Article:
Education is, of course, hardly the only area where the European Commission has set targets which then serve as benchmarks. There are similar 2020 targets for various areas of economic activity, from the share of GDP that is invested in research and innovation to the proportion of the population that lives in poverty.

As Alexandra Ioannidou pointed out ten years ago (see this article), the EU and OECD have developed monitoring and reporting into new policy instruments. The problem for the EU is that, unlike OECD, it has real policy powers in the area of education and training.A failure to meet they targets cannot, therefore, be simply blamed on the weaker member states. In this case, the EU is placing a heavy emphasis on its New Skills Agenda.

As the Agenda was only published in 2016, over half way through the monitoring period, it won’t have much impact by 2020. And of course this benchmark is only one way of measuring adult learning; apart from any other weaknesses, it says nothing whatever about quality.

World class UK universities that are better than Leicester and offer adult education

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From the continuing education pages of Oxford’s website

The Times Higher has released its latest world university rankings, placing the University of Leicester in 172nd place. I’m making the informed guess that the University management is anxious about its position in international league tables, and that this might have something to do with its ill-judged decision to close down its centre for adult education.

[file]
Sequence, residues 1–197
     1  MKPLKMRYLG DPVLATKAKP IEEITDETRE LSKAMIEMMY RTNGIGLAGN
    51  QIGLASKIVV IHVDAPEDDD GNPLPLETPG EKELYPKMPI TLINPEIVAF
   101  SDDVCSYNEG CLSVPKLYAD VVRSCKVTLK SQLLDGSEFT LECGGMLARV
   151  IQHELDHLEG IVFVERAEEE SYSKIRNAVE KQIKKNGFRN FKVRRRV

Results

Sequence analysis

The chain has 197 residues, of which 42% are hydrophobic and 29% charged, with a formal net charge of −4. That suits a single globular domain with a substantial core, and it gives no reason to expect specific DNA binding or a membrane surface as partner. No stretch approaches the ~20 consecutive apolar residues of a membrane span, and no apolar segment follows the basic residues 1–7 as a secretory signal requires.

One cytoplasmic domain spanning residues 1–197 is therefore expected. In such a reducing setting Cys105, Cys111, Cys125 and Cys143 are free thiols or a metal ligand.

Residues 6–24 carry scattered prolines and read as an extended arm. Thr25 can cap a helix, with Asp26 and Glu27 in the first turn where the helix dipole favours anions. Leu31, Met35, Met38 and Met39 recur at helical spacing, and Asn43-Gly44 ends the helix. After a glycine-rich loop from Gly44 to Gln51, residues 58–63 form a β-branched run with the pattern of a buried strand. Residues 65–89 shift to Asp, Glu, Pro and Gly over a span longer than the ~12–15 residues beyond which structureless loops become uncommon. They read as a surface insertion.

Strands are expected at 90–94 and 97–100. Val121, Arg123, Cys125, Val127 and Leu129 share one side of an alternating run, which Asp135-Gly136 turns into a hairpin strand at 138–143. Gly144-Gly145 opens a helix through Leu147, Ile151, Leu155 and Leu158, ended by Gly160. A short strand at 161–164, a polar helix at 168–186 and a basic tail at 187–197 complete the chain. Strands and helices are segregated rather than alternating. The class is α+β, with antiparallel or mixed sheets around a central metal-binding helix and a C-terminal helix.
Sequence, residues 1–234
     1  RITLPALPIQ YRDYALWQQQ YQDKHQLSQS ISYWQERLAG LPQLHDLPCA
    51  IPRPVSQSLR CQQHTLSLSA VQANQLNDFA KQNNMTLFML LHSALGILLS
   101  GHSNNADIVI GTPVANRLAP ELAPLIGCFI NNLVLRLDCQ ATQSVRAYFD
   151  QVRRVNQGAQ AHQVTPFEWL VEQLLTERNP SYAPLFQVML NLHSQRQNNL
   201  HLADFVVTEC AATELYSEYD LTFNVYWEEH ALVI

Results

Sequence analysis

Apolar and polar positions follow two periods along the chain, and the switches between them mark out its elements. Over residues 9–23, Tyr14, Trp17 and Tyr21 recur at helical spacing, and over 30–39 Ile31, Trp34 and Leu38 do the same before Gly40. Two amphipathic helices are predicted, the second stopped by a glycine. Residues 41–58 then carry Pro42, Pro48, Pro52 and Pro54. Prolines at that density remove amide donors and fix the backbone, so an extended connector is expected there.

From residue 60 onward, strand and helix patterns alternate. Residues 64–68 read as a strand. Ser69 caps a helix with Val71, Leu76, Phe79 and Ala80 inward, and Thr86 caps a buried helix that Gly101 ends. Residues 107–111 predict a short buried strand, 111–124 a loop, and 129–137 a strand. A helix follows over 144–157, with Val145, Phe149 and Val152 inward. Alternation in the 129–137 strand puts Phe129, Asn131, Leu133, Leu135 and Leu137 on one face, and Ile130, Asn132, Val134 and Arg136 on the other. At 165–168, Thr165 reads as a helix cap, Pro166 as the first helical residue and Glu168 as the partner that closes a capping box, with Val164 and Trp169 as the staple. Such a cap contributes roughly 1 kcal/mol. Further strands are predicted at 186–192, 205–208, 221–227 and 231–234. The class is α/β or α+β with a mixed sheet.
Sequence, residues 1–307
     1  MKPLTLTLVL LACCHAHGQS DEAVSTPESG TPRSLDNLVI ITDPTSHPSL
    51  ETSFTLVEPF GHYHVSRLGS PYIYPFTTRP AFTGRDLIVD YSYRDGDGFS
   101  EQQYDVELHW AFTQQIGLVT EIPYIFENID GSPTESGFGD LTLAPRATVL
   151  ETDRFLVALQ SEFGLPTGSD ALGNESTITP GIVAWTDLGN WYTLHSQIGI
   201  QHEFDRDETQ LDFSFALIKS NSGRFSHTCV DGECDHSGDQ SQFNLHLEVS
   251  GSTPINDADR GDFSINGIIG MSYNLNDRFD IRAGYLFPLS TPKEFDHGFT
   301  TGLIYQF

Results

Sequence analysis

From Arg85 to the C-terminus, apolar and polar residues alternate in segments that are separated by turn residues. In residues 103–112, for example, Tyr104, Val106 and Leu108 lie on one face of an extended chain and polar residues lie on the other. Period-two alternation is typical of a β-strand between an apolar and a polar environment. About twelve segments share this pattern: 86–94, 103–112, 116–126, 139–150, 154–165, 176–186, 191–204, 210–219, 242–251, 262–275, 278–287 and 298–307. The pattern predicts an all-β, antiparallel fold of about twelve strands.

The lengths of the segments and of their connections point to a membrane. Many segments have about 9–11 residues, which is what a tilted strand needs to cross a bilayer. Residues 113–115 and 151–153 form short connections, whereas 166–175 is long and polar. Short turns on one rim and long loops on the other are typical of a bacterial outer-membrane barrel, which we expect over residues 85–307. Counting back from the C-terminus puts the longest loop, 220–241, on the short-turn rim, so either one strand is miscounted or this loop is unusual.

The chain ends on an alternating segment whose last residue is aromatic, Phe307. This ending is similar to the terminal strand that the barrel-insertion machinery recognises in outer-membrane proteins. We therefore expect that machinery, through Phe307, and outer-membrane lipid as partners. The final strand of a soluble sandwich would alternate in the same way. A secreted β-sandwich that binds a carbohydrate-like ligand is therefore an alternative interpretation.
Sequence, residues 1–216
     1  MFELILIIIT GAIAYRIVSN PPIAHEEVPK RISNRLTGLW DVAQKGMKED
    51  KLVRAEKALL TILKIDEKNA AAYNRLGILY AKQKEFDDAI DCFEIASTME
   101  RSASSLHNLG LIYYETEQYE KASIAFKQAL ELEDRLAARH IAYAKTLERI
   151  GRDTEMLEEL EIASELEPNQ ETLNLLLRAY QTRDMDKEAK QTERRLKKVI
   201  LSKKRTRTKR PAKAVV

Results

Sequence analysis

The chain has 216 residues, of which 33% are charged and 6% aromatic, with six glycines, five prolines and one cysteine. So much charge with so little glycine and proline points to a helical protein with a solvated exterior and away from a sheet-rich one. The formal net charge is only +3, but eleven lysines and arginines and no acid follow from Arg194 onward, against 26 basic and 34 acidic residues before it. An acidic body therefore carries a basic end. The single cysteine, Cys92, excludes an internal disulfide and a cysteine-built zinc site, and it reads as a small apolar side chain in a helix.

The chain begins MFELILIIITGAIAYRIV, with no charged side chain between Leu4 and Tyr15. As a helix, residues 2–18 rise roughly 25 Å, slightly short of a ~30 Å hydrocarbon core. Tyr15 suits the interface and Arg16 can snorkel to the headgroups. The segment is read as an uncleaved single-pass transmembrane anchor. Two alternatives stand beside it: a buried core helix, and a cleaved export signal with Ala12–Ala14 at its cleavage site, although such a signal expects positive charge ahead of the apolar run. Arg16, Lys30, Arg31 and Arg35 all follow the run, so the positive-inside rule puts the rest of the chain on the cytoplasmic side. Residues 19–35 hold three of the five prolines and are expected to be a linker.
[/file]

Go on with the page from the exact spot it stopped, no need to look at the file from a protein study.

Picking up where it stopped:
So in the interests of open comparison, I thought I’d identify the eight UK universities that come above Leicester in the rankings, and have adult education centres:

Oxford (1st)

Cambridge (4th)

Edinburgh (27th)

Warwick (82)

Glasgow (88)

Sheffield (109)

York (129)

Leeds (133)

In addition, of course, adult education of various kinds is common in north American universities (especially the older, land grant institutions) and several European systems. I was particularly pleased to see that my colleagues at the University of Cologne – which has a terrific programme for older adults, as well as a plethora of seminars and lectures for the local community, and is recognised by the German government’s Excellence initiative – came in two places above Leicester.

So many quite distinguished universities manage to combine scholarly excellence with serious community engagement. Of course, we should take these league tables with a pinch of salt. All of them are flawed to a greater or lesser extent, based as they are on highly selective data, and only a fool would take them seriously. I bet that the Vice Chancellor at Leicester is using them as one of his own key performanc indicators.

 

Brexit and the closure of Vaughan Centre for Lifelong Learning

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Provide your own caption!

The University of Leicester’s Council has decided to continue with the planned closure of its Lifelong Learning Centre. This has been an unedifying process for the University, which found itself on the receiving edge of criticism from its own staff, as well as from the local councils and MPs.In the process, the University got itself some extremely unfavourable media coverage, particularly after Private Eye exposed its rationale as being less than truthful.

As a governing body which exists to hold the University’s management to account, you’d have thought Council might have asked the Vice Chancellor why he thought it was a good idea to get into Private Eye. If other members of staff had generated such negative publicity, they would have been accused of bringing the University into disrepute. And the Eye exposed flaws in the University’s case that lay members in particular should have found disturbing. But Council showed no such backbone.